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Old 27th January 2008, 11:11 PM   #1
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Default RFI and shielding help needed

Hi all,

I'm posting in SS hope this is the right venue.

I have made a phonostage - a solid state 2 stage one, some of you may know it, its the phonoclone. Link to more info:

The Phonoclone and VSPS PCB Help Desk


Its a superb performer - but a few of us have noted that its particularly sensitive to RFI problems - and at least in my case, it is the interconnect from the phonoclone to the amp/preamp that is acting as an antenna. Careful routing of the interconnect is needed to minimise the RFI. If you go to the last few posts of that thread you will see one member having big problems with it.

So I'm wondering, what tricks can be used to lessen this type of interference (interconnect is shielded)?

Can you do something like put a cap across the outputs or something?

Balanced is not an option here!


Fran
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Old 27th January 2008, 11:27 PM   #2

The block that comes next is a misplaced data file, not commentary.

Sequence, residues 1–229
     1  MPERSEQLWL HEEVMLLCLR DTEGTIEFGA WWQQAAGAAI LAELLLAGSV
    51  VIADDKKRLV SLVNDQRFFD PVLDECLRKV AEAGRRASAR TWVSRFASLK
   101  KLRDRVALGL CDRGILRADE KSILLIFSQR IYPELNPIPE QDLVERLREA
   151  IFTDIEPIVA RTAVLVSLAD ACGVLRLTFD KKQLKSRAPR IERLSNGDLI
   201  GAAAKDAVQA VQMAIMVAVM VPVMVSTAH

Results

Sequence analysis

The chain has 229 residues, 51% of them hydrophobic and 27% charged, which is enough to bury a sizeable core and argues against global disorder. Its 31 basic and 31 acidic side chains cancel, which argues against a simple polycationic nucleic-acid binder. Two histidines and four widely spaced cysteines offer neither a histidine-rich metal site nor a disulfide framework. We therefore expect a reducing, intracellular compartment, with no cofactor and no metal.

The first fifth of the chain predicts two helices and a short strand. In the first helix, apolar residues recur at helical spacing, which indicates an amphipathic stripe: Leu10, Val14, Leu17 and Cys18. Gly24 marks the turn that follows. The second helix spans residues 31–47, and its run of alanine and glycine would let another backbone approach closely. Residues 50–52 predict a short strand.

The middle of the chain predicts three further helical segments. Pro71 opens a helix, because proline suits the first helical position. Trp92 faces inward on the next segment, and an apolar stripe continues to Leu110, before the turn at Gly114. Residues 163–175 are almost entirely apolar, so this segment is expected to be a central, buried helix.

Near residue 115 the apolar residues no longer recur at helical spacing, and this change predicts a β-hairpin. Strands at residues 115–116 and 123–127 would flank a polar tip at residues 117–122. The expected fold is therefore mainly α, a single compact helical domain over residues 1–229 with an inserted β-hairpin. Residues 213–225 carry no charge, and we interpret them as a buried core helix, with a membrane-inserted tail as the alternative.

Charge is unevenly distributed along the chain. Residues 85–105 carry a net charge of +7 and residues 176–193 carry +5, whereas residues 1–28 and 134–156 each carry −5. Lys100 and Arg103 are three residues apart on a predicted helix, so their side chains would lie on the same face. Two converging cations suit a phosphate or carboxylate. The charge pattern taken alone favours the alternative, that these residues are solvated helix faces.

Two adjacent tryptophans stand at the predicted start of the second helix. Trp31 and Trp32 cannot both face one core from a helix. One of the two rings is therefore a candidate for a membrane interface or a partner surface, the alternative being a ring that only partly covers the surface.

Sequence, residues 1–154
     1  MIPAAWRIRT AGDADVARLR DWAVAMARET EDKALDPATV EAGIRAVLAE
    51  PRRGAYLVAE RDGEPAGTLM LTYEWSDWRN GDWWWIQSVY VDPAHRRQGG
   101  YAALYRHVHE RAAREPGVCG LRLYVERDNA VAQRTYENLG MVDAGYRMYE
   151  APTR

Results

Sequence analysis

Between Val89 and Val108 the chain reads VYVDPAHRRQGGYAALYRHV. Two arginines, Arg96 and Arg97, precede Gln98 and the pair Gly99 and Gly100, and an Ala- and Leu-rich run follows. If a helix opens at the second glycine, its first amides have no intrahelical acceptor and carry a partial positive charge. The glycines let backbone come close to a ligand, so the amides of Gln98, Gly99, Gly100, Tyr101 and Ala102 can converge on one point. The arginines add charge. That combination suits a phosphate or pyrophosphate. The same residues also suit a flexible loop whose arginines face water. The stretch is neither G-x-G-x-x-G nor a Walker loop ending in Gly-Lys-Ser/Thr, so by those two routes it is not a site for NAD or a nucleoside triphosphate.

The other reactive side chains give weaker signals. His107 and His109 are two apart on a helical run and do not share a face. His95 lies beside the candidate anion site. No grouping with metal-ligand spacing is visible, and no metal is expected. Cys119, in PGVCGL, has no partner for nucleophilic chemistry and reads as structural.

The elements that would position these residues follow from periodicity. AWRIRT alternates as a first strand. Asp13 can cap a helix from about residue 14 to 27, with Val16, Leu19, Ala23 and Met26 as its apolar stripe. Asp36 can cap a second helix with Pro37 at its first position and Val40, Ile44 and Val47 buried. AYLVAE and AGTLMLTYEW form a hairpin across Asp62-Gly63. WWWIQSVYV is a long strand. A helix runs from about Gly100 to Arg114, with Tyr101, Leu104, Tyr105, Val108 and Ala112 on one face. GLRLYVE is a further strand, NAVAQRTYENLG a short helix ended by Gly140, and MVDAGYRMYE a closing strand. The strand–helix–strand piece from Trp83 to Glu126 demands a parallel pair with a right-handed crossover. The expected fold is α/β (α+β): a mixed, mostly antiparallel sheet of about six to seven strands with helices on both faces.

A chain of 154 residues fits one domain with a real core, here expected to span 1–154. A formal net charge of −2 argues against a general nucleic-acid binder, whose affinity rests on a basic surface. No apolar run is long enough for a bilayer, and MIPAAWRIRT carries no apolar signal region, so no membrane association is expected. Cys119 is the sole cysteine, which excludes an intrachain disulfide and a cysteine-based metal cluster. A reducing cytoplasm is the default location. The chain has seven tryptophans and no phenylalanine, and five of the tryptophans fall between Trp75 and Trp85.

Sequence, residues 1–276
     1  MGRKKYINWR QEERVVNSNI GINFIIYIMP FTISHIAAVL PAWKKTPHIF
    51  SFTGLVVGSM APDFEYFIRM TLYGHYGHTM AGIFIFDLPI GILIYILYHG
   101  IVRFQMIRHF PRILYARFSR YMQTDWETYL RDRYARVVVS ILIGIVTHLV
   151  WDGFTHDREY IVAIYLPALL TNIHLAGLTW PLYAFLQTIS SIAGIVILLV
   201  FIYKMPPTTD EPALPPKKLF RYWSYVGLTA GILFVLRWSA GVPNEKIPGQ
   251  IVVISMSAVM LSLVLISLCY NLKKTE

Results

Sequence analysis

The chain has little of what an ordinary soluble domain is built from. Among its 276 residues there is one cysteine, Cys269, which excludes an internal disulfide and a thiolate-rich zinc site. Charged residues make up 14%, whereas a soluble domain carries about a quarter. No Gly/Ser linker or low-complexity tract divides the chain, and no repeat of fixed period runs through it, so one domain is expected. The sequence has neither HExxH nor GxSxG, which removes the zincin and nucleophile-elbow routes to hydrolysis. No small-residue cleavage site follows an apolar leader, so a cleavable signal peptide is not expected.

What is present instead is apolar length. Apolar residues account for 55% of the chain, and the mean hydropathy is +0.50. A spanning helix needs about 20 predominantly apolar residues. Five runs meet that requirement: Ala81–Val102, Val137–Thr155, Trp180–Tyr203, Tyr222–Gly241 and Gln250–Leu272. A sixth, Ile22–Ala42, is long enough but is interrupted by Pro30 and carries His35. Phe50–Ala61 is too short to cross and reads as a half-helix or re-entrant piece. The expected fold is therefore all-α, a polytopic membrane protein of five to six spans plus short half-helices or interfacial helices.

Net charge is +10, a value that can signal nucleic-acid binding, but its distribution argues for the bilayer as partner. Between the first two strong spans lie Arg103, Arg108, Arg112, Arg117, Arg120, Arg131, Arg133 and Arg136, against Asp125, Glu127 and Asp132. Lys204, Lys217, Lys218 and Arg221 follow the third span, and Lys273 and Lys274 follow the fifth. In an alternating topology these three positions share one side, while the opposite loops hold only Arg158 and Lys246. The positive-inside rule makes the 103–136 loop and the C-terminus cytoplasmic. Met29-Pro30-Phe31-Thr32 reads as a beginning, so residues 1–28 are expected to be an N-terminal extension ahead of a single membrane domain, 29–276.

sam9 is offline sam9  United States
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Going back to the decades before CD's, RFI and other stuff getting into the phono input was perhaps the single most common audiophile problem next to surface noise. At least it was mine. Here are few things I recall:

Some interconnects were better than others. This had no correspondence to price. I think (but I'm not sure) that foil shoelding worked better than woven strands since when bent, strands can open up a gap.

Re-routing the interconnects can help sometimes. May just a an inch, sometimes several feet. Unless you have expensive instruments, this is a trail-and-error task.

Depending on construction of the component at each end, the shield may or may not actually be connected to earth rather than just internal 0-volt reference. I'm not sure there is a fixed rule about which is the right way plus what kills the RFI may give you ground loop buzz in exchange.

Sometimes no reasonable solution existed, especially when the neighbor was a CB radio fan.
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Old 28th January 2008, 03:01 AM   #3
Eva is offline Eva  Spain
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If the problem is really related to the output wiring, then there are a lot of chances that your op-amps are oscillating.
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Old 28th January 2008, 10:11 AM   #4
Mooly is offline Mooly  United Kingdom